Methyl iodide is ready for use | thecalifornian.com | The Salinas Californian
February 1, 2011
Among the many crops produced in Monterey County, strawberries rank No. 1, producing gross revenues of $756 million in 2009. This is according to the Monterey County Crop Report of 2009, as reported in The Salinas Californian on June 23, 2010.
Harvesting strawberries is labor intensive, requiring large numbers of field workers who receive fair wages and benefits for their hard work and expertise. Anti-pesticide groups and farm-worker advocates have launched an effort to block the fumigant methyl iodide on strawberry fields, to replace methyl bromide, which was deemed unsafe.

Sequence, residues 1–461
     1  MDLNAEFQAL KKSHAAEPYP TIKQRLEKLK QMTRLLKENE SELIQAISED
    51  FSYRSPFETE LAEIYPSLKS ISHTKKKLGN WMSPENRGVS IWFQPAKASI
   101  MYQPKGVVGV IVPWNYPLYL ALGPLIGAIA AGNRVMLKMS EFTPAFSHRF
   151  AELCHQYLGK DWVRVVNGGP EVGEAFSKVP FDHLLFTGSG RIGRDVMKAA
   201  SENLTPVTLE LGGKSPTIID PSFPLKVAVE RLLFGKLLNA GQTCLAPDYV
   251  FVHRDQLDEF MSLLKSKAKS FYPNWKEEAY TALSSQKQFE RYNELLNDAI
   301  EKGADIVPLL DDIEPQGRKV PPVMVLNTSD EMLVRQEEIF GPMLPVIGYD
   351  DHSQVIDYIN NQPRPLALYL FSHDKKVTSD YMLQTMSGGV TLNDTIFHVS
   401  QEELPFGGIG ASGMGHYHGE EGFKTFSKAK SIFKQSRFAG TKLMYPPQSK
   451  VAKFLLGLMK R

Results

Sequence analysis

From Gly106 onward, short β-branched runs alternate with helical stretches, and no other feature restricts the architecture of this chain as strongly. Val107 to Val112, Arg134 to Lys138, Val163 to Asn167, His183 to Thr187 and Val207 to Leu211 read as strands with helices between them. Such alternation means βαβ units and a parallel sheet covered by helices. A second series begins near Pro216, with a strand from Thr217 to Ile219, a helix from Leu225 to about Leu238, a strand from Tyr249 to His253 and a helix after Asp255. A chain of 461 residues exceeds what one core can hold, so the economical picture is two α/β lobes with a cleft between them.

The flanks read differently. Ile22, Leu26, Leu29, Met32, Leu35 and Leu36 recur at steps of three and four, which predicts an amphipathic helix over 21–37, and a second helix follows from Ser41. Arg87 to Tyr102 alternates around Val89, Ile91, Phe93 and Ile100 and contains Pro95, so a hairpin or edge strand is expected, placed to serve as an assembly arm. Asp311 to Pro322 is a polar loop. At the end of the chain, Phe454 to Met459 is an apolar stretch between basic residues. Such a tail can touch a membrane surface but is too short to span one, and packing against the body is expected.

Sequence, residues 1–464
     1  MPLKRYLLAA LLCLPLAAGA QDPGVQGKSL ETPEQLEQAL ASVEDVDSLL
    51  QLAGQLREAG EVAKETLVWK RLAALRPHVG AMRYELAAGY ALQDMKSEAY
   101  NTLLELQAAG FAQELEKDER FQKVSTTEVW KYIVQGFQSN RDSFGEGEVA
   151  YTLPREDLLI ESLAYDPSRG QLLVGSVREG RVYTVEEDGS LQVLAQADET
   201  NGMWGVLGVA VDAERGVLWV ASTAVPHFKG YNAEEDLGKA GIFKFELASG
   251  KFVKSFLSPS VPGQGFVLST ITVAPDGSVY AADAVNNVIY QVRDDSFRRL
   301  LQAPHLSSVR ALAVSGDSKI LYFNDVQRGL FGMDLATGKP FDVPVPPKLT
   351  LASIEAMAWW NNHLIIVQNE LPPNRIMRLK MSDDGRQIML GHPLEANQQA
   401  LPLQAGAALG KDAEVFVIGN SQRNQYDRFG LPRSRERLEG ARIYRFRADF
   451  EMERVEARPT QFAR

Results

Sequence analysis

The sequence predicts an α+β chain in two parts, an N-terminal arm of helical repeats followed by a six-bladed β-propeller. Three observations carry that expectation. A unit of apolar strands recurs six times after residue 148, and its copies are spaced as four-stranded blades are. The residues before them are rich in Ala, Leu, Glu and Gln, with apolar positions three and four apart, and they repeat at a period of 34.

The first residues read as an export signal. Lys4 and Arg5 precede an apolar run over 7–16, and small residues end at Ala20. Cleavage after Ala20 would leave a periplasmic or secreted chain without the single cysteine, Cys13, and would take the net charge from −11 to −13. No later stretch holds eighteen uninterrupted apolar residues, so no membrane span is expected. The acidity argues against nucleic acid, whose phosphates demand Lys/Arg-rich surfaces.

The California Department of Pesticide Regulation study of methyl iodide was the most comprehensive, thoughtful, and detailed review that has been done in recent memory. In my 60-year career in agriculture, and as a licensed pest-control adviser, I have gained respect for the CDPR in its efforts to protect producers and consumers of California crops.
Methyl iodide is licensed for use in 47 other states. If it is not used on strawberry fields in Monterey County, this crop will become extinct here. The consumer will ultimately have to pay the high price for imported strawberries produced in other states and countries where fumigation is allowed.